Stocks sold off on Thursday. Energy brands such as Exxon Mobil, Chevron, Chesapeake Energy, and BP led the dip. Meanwhile, West Texas Intermediate crude shed 2.8 percent today to settle at $58 a barrel.
April legislation changed some Medicare provisions. Learn about Income-Related Premium Adjustments and more in this week’s Insurance Tip.
Indices closed in green territory on Wednesday. Financial brands such as Bank of America, JPMorgan and Wells Fargo led the ascent. Stocks gained amid the release of trade gap, services industry and Beige Book data.
Saving for college? Consider tax-advantaged strategies to get the most from your savings. We explain in this week’s Tax Tip.
Brands retreated slightly on Tuesday. Intel led decliners on the Dow following a BMO Capital ratings downgrade to “market perform.” Stocks dipped amid a variety of economic data.
Money doesn’t buy happiness, per say, but it can help if you spend wisely. We explain in this week’s Financial Tip.
Stocks stepped up on Monday amid favorable economic news. Technology brands such as Microsoft and Altera let the way. Microsoft moved up after announcing a late July release of its new operating system, Windows 10, while Altera added gains after Intel announced plans to purchase the chipmaker for $54 a share, or $16.7 billion.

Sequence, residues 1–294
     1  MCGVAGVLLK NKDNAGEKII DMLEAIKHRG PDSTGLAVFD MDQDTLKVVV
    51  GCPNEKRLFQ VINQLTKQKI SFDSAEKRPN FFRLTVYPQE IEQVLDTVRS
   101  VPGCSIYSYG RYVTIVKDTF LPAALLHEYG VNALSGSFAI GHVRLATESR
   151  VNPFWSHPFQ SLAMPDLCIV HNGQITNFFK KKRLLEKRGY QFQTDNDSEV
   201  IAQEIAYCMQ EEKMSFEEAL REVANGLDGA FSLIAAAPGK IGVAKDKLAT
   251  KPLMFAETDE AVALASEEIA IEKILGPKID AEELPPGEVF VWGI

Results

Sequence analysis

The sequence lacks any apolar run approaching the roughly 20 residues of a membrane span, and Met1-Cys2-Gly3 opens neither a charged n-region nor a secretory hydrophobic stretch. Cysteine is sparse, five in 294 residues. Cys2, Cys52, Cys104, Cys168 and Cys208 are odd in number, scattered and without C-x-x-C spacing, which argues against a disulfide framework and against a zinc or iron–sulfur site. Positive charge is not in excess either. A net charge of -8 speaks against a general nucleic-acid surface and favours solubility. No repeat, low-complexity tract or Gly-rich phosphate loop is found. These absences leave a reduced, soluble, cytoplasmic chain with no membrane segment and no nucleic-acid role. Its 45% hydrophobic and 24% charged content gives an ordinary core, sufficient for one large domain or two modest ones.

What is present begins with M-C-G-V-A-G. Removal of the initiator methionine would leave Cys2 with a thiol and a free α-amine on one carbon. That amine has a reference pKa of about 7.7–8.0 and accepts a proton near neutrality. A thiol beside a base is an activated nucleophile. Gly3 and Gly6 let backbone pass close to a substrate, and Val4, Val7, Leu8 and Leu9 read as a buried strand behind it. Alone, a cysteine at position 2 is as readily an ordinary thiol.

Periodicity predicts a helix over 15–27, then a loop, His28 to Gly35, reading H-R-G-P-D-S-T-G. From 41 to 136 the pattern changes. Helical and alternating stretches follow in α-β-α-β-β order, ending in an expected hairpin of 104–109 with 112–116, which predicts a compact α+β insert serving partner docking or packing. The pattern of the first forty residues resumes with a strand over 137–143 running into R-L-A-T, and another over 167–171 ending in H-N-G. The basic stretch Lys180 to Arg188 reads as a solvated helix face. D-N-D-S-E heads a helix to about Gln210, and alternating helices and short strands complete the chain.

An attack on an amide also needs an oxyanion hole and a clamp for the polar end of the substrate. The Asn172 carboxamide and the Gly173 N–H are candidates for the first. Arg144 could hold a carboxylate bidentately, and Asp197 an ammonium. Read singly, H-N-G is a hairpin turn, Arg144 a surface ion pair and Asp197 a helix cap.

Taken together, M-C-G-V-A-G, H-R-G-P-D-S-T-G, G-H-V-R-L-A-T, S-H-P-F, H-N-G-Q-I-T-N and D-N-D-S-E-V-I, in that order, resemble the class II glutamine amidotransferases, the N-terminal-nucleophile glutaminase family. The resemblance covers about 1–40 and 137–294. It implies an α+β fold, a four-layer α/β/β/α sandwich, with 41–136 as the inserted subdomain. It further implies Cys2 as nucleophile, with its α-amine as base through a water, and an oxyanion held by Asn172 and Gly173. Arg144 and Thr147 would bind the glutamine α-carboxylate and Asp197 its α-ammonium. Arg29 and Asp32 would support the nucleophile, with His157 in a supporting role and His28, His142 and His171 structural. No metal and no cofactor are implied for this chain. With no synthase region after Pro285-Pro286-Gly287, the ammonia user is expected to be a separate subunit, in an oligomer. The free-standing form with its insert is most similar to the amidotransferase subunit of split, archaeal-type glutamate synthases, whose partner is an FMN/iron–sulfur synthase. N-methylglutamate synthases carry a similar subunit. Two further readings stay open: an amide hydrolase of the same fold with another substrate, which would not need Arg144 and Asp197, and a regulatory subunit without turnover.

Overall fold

This week on “Money Talks”, hosts Matt Hames, CTFA, and Troy Harmon, CFA, CVA, are joined by Nick Antonucci and K.C. Smith, CFP®, to discuss the up and down moves in the market during the holiday-shortened week. They discuss durable goods, consumer confidence and moves in the housing market. The experts also take a look at a case study of an individual who wants to reduce her estate under the federal estate tax exclusion to ensure her heirs inherit her wealth. They also answer listeners’ questions on stock buybacks, Target, Sally Beauty Holdings and our outlook for the Utilities sector.
Our experts talk through a case study of an individual whose estate is beyond the federal estate tax exclusion amount and who wants to pass her wealth on to her heirs.
During the holiday-shortened week, the markets dipped into the red zone. The Dow Jones Industrial Average began the week with its largest decline in nearly a month (1%), as all 30 Dow components lost ground. Technology stocks in the S&P 500 Index fell 1.4% dragging the index down. While Wednesday, the markets recovered some of the previous day’s gains, the markets were down again on Thursday with Energy stocks taking their toll on the S&P. Labor Department figures also showed a jobless claims uptick of 7,000 to 282,000. Economists had expected a decrease to 270,000 from a revised 275,000 the week prior. On Friday, economic data weighed on the markets when first-quarter gross domestic product was downwardly revised to negative 0.7% in a second estimate. Consumer confidence decreased slightly in May, as the University of Michigan Consumer Sentiment index slipped 5.2 points to a six-month low of 90.7.